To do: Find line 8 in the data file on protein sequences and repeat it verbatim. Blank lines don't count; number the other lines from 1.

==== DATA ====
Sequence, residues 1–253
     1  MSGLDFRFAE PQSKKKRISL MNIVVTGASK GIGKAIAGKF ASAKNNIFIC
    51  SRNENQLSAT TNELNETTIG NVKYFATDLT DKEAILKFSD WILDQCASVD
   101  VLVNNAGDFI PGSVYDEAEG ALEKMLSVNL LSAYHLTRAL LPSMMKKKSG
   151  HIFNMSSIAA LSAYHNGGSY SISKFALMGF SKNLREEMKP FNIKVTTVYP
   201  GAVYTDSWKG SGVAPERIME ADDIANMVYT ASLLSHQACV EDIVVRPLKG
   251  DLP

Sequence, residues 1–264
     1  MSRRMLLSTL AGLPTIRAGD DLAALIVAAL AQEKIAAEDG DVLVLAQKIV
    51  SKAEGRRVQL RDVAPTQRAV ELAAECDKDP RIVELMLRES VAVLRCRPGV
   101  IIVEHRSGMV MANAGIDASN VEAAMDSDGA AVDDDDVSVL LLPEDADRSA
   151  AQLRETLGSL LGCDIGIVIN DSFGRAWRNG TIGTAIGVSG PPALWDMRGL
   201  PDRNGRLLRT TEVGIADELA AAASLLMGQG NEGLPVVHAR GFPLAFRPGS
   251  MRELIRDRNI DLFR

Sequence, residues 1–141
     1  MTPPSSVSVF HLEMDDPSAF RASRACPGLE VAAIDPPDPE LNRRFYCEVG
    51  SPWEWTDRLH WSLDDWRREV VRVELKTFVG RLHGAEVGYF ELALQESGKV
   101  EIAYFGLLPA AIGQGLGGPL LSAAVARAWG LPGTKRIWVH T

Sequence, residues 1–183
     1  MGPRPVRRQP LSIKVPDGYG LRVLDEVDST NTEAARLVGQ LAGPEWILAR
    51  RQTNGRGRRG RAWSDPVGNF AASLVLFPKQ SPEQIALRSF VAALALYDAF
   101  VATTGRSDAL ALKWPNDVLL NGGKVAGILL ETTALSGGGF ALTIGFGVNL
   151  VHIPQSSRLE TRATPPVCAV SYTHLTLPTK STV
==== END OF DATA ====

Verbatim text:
Sequence, residues 1–264